The number of sunsets observed through the digital filter of an iPad is increasing.
From about the second week in July, when British schools start their summer holidays, the waterfront near my house fills with tourists who flock to see one of the few places on the East coast of the UK where the sun sets over the water. There have always been cameras and phones, of course, but this year and last, there has also been a marked increase in the number of people using iPads for photography.
I’m curious as to why this is happening, despite the obvious ergonomic challenges and that it makes you look like a bit of an idiot.
The cliche of holding aloft a giant tablet computer to capture the moment has been with us for some time already – ever since the arrival of a rear facing camera on the iPad 2 – but I’m particularly intrigued as to the user behaviours which prompt it on holiday.
Logic would dictate that a relatively remote, waterside location on a user’s annual summer holiday would be an unlikely place for an iPad (and it is always an iPad – I have never once seen someone doing this with another brand of tablet). It is hardly the most portable camera and there is a risk associated with having an expensive, fragile and non-waterproof device next to the sea. However, the evidence is quite the contrary.
A big part of the answer seems to be children. The iPad is already to-hand because the parents have brought it along on holiday for the kids. This goes a long way towards explaining why they have an expensive, relatively cumbersome digital tool with them despite being at the beach.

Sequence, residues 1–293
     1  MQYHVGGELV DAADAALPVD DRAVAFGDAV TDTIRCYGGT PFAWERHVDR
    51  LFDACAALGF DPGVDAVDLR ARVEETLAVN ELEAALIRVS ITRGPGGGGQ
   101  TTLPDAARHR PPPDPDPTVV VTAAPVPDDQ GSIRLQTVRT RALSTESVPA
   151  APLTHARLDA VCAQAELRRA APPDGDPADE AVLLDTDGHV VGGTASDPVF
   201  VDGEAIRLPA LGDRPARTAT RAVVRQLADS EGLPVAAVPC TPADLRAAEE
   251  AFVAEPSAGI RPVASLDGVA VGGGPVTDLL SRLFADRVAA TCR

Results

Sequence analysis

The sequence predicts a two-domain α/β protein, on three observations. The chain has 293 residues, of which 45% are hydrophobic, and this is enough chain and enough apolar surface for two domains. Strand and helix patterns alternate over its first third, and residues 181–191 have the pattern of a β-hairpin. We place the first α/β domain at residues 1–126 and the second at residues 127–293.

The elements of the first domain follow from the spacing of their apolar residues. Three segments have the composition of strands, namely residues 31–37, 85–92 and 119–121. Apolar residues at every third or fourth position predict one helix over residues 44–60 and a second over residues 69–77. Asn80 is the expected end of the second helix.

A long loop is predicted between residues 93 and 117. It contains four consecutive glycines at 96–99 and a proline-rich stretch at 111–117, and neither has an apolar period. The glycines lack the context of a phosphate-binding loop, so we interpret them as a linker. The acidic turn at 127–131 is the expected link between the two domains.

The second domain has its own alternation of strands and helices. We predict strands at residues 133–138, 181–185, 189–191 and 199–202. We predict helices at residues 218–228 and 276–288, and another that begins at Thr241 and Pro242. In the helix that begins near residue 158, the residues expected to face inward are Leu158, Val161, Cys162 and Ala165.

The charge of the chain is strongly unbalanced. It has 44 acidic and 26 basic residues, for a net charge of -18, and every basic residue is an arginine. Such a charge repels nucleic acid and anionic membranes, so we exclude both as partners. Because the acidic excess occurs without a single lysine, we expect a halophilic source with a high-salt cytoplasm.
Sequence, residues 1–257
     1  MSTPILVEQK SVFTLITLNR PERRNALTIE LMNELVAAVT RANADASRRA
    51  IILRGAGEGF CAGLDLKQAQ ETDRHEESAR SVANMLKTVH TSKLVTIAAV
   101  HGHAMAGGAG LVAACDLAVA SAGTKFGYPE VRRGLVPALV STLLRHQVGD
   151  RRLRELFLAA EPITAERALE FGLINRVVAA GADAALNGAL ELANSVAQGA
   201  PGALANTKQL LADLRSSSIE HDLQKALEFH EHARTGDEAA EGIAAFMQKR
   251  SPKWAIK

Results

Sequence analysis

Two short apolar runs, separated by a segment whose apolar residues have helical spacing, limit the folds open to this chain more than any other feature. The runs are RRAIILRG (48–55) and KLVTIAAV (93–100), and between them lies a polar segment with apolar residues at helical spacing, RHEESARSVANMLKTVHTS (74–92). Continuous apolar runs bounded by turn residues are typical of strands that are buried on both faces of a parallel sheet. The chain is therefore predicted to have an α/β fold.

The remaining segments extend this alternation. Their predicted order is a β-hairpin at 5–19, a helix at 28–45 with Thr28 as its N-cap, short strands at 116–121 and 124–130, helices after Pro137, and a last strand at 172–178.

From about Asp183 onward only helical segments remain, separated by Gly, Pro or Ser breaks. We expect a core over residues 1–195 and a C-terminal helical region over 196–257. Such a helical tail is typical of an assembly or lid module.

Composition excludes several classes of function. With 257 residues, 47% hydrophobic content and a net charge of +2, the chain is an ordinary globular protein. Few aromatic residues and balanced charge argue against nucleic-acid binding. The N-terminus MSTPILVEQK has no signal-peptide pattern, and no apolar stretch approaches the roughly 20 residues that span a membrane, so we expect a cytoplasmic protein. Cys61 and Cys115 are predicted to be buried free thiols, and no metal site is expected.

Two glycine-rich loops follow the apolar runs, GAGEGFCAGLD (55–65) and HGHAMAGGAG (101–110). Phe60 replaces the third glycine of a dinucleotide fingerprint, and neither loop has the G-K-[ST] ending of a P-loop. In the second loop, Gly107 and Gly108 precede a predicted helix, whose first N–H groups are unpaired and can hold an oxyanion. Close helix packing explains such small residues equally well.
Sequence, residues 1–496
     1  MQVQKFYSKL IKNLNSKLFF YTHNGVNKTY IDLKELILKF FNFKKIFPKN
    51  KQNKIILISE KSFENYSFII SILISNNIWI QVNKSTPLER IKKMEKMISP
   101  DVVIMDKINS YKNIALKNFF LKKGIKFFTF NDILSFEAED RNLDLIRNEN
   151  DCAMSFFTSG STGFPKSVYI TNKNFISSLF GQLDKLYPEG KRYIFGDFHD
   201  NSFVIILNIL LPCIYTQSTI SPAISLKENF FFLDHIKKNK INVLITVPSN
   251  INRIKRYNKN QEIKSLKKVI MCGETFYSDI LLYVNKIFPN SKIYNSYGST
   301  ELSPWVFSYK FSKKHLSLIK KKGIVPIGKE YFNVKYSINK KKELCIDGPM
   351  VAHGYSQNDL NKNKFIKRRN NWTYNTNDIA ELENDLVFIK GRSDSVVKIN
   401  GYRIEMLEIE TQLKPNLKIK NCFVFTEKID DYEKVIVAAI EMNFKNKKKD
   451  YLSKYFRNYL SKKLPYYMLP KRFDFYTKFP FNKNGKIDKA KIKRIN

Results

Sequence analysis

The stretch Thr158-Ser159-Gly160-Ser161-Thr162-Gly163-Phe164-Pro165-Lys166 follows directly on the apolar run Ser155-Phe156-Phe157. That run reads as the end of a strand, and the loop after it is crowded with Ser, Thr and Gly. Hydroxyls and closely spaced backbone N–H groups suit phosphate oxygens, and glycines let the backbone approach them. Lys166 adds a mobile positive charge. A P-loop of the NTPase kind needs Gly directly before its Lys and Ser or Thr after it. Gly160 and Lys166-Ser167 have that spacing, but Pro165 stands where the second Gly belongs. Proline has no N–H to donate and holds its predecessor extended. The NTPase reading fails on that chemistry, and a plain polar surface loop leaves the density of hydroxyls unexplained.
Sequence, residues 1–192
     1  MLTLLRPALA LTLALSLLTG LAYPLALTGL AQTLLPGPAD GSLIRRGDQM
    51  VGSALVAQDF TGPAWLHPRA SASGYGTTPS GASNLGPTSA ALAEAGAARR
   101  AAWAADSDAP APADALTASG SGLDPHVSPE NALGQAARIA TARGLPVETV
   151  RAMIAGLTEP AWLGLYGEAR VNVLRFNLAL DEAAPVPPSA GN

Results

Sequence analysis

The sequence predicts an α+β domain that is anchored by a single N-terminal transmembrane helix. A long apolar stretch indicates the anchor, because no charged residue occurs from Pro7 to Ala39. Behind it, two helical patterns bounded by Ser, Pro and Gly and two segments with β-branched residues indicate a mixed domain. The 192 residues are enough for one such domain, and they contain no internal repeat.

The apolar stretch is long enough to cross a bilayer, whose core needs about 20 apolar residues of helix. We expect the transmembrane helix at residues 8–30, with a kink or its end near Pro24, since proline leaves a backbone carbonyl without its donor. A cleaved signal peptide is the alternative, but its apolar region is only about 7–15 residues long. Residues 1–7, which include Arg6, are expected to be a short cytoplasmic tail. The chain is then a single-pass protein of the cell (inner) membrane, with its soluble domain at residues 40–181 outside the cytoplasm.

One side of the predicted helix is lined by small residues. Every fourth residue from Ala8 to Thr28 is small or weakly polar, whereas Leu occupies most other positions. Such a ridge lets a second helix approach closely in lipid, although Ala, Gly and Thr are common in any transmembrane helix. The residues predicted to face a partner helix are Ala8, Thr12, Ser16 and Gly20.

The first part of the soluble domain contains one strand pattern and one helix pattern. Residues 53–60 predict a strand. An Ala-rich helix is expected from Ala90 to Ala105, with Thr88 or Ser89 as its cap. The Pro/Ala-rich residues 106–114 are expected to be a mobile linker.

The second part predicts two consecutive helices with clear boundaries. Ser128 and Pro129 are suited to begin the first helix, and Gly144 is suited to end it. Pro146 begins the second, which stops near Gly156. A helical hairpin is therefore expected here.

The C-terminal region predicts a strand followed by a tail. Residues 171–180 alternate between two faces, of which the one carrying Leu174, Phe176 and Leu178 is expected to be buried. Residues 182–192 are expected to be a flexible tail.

In many families, the iPad can almost be seen as the third parent, tasked with entertaining children on car journeys and keeping them occupied in those moments when parents want some time to themselves. The kid in the corner of the restaurant while mum, dad and the other adults try to have a civilised dinner is a common sight, however unwelcome a thought that might be for some.
There is also a clue in the nature of the iPad’s connectivity, or lack thereof. The majority of iPads sold in the UK are Wifi-only models. They can be justified on holiday, unlike your smartphone, which carries the prospect of permanent connectivity to work calls and emails via the cellular network.
The activities enabled by the large screen of the iPad play a role too. I’ve seen plenty of parents reading e-books on their iPad, sitting on the tailgate of their car or on beach chairs, while their kids play in the water. It is also better for maps, allowing a wider view of the unfamiliar area you’re visiting.
Add to that the iPad’s long battery life and suitability for shared photo viewing and the seemingly illogical and impractical act of taking a photo with a tablet becomes rather more understandable.
The iPad becomes a holiday camera because it is easily available, has fewer social compromises than bringing a smartphone and allows the results to be viewed by everyone.
Far from breaking the rules of good user experience, the cliche of photographing a sunset with an iPad should remind us to consider where good design really comes from: empathy and understanding. As a designer, you may belong to a rare breed where the minutiae of camera grip ergonomics and lens quality trump all else, but the iPad sunset experience is a reminder that for most there are other things which take greater precedence: kids, unspoken social conventions and the emotional priorities of feeling like they’re on holiday.